Sex Discrimination - Disparate Treatment
Disparate treatment refers to actions that treat similarly situated persons differently on the basis of a prohibited classification. In the case of Title IX, the prohibited classification is sex. Disparate treatment is also referred to as "intentional," "purposeful," or "invidious" discrimination.
Sex Discrimination - Disparate Impact
Disparate impact focuses on the consequences of an apparently sex-neutral policy or practice. Under this theory of discrimination, the core inquiry focuses on the results of the action taken, rather than the underlying intent.
Sex Discrimination - Retaliation
Retaliation is an intentional adverse action taken against an individual for opposing sex discrimination.
Source: Jackson v. Birmingham Board of Education, 544 U.S. 167 (2005). See U.S. Department of Education, Office for Civil Rights, Dear Colleague Letter (April 24, 2013)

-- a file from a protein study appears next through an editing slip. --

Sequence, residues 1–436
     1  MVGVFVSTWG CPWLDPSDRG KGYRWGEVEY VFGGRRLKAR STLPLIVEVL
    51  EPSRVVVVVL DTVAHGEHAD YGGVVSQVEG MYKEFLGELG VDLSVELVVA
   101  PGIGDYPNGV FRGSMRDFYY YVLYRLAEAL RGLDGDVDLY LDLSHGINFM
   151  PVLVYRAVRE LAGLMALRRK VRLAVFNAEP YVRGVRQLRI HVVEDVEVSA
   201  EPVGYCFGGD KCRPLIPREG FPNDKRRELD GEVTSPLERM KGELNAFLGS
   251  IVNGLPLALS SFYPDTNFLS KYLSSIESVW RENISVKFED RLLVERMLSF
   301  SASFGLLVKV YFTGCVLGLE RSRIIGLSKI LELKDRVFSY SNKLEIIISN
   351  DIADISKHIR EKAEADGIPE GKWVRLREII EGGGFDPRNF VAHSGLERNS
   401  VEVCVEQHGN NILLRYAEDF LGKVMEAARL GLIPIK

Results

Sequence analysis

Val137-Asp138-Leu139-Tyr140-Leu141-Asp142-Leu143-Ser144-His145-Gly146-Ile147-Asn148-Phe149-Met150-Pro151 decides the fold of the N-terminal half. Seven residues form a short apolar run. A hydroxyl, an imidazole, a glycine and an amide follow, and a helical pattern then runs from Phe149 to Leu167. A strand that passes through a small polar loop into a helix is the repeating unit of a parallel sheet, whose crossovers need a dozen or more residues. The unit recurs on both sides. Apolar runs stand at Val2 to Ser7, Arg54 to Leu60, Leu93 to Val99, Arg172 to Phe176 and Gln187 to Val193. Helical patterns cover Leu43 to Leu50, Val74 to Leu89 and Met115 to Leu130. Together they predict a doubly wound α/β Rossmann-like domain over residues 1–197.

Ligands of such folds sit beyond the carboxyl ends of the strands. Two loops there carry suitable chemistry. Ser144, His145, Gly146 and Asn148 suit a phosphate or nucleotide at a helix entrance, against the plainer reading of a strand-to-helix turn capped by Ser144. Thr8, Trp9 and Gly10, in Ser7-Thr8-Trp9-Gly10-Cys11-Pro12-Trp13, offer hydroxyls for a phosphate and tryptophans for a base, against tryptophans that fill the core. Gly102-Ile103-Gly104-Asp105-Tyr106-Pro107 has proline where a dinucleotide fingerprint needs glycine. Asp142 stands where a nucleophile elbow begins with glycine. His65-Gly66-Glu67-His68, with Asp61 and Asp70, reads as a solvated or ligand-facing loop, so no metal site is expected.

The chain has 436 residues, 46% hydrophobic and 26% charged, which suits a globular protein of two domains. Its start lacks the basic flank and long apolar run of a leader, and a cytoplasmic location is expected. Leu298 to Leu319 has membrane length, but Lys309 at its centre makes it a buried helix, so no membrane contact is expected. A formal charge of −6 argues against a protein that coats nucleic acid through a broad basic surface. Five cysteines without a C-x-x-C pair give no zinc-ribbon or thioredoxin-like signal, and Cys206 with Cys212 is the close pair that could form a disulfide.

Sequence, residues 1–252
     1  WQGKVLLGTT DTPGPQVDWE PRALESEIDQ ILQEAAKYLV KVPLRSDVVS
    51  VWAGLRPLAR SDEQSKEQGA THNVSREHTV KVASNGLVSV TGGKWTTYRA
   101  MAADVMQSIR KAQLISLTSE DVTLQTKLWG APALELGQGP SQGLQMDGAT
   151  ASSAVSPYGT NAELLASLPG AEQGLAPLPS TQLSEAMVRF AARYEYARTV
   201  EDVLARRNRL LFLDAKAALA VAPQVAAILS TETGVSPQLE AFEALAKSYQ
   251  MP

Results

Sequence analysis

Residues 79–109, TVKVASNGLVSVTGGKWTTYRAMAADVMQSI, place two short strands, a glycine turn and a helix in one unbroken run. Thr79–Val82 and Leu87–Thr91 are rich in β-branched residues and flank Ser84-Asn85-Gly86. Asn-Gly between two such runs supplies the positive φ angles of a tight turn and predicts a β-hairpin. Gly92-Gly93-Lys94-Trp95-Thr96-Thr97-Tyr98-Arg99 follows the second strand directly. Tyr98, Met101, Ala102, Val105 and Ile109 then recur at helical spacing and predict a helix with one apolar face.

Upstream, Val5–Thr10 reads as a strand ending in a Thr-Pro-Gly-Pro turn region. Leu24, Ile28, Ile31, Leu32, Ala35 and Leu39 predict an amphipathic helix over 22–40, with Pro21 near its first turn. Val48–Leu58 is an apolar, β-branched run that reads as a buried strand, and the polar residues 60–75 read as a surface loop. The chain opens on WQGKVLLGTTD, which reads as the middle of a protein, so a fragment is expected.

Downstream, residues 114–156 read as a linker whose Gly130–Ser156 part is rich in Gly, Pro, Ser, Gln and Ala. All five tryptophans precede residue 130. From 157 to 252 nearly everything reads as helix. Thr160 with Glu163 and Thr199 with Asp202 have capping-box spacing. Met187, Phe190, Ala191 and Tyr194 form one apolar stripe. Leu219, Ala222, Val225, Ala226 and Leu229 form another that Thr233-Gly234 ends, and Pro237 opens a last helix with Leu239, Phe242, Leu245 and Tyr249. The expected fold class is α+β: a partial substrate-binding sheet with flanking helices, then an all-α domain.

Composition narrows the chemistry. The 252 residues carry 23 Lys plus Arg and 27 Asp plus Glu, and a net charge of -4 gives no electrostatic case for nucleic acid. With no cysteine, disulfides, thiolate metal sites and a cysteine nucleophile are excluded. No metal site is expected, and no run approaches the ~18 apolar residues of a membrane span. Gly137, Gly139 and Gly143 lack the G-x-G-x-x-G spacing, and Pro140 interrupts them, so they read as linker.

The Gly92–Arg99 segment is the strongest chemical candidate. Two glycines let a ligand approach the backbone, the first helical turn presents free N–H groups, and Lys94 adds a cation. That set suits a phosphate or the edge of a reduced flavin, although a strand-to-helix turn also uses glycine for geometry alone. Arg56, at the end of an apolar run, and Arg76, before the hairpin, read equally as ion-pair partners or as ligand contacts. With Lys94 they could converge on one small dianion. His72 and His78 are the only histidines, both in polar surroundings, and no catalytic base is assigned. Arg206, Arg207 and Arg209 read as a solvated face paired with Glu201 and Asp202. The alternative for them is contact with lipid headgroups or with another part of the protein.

Sexual harassment is a form of sex discrimination. Sexual harassment is unwelcome conduct of a sexual nature and can include unwelcome sexual advances, requests for sexual favors, and other verbal, nonverbal, or physical conduct of a sexual nature, such as sexual assault or acts of sexual violence.
If harassing conduct is sufficiently serious (sufficiently severe or pervasive) to deny or limit a student’s ability to participate in or benefit from the school’s program based on sex then a hostile environment based on sex may exist.
Non-sexual harassment of a person because of the person’s sex and/or gender, including, but not limited to, harassment based on the person’s nonconformity with gender stereotypes.